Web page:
In most courts, however, the judges are generalists. They hear appeals on a wide range of subjects and cannot keep up with developments in every area of law. For them, the complexities and nuances that a specialist brings to the table may be less important than an experienced lawyer’s ability to boil the complicated down to familiar principles. Seventh Circuit Judge Diane Wood has noted that the “need to explain even the most complex area to a generalist judge . . . forces the bar to demystify legal doctrine and to make the law comprehensible.”[i] Make the unfamiliar familiar by utilizing language a judge will understand.
Moreover, the specialist may rely on memory of a frequently cited case that, over time, becomes little more than code words that only the cognoscenti appreciate. The generalist, however, is certain to find the case, read it freshly, and expose the imprecision while finding legal analogies that point in a different direction than the specialist argued.
A specialist’s command of policy arguments often relies upon the gloss of repetitive usage, twists to conform to his clients’ preferred results, and the dullness of repeated use, a generalist can look at legislative history and intent with fresh eyes that can be revelatory to a judge. Moreover, a generalist will draw from other areas of law enabling the judge to appreciate analogies that the specialist would never consider.
In some ways, the difference is comparable to the difference between an appellate lawyer and a trial lawyer. Trial counsel knows the record from having lived though the case and having pursued key objectives that yielded the desired result. The appellate lawyer looks at the case more dispassionately and often finds that the formula for victory is either an issue quite different from the one that may have dominated trial or a route that may even have been unavailable at an earlier stage.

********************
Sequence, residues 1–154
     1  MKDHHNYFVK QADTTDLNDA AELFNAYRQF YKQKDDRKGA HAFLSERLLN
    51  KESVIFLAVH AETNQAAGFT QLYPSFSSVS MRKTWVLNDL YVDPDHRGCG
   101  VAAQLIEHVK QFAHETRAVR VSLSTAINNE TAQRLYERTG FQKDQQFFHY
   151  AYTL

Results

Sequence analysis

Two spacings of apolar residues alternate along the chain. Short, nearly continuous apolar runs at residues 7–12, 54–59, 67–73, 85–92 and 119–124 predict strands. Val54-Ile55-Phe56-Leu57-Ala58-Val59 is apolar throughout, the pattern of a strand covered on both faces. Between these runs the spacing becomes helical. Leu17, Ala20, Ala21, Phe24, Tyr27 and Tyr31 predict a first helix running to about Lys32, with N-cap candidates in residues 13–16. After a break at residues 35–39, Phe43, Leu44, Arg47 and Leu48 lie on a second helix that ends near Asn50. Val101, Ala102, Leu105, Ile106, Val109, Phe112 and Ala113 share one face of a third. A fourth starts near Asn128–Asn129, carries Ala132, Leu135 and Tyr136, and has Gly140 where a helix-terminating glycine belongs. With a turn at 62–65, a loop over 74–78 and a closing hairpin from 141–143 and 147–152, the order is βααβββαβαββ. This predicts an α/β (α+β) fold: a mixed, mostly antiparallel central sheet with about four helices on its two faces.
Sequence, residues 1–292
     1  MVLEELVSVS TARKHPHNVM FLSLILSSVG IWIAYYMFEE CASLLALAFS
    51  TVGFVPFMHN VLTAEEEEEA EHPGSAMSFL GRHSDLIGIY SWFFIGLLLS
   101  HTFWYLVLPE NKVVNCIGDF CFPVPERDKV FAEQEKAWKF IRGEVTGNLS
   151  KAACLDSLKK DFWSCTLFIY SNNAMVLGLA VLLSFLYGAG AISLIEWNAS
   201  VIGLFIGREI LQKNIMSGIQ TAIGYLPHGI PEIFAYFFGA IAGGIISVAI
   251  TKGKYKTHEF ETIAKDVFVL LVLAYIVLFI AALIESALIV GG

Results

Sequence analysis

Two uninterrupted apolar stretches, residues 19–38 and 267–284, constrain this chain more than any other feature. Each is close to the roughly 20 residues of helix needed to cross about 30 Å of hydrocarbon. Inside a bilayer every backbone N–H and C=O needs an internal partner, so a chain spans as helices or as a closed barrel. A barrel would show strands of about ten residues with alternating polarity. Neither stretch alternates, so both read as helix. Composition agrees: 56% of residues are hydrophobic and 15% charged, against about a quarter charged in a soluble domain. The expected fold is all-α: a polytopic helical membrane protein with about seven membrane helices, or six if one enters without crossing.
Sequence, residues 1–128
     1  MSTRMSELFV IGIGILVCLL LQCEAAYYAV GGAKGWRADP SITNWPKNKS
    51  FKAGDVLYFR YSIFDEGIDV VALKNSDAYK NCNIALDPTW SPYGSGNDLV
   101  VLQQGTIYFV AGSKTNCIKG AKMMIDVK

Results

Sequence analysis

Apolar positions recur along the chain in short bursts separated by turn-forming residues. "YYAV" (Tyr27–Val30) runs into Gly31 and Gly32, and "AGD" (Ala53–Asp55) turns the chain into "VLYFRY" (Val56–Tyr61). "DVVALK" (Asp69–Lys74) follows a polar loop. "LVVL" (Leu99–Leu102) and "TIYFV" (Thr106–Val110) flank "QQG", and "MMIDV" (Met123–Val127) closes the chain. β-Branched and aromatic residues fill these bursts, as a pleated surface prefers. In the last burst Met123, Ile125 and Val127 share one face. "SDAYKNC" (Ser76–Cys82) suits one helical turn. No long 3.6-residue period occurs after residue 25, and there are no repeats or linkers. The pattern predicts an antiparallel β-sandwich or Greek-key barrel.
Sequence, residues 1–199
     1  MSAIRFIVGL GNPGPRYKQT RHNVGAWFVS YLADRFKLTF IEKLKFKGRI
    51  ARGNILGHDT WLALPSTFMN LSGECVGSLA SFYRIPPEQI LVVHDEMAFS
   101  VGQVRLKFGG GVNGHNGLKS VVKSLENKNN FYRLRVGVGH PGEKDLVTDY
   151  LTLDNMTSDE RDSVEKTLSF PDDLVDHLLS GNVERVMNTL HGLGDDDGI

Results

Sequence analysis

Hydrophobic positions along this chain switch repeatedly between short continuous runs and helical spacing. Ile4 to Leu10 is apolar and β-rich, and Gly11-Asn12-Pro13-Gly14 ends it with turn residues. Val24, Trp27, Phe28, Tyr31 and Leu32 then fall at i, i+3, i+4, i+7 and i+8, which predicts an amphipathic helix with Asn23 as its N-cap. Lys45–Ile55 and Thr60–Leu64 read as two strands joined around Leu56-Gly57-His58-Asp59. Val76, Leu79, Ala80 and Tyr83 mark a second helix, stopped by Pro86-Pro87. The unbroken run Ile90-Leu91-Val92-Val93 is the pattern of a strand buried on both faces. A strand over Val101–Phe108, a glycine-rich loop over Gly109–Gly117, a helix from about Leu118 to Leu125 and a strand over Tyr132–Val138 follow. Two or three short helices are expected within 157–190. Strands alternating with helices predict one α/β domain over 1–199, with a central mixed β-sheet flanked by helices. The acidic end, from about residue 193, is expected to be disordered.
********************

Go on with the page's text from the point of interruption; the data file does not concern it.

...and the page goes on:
The bottom line is that tackling a new area of law should not generate fear that the specialist opponent holds all the cards. The well-prepared appellate lawyer should appreciate the advantages that a generalist can bring to the table.
[i] Diane Wood, Generalist Judges in a Specialist World, 50 SMU L. Rev 1755, 1767 (1997).
Sunday, June 26, 2022
In writing today’s post, it is difficult to overlook the Supreme Court’s predictable rulings on abortion and guns, with a less certain but likely precedent-shattering decision on coach-led public-school prayer. Others will critique the decisions, extrapolate their consequences for issues beyond the cases decided, and speculate about new doctrinal implications. For today, I want to focus solely on the tools it suggests appellate advocates must use.
Dobbs and Bruen place a heightened emphasis on history. It is not the history that originalists who look to the Framers’ intent utilize, but whether an asserted constitutional liberty is “deeply rooted in this Nation’s history and tradition.” In Dobbs, the majority rejected a constitutional right of access to abortion because it held that no historical tradition, common law or otherwise, enabled women to have abortions regardless of the legislative policy choices, before the Constitution’s framing or in its aftermath or even following the ratification of the Fourteenth Amendment. In Bruen, similarly, the Court held text, history, and tradition informed the meaning of the Second Amendment, with the Court holding that history without consideration of possible countervailing government interests dictates the result.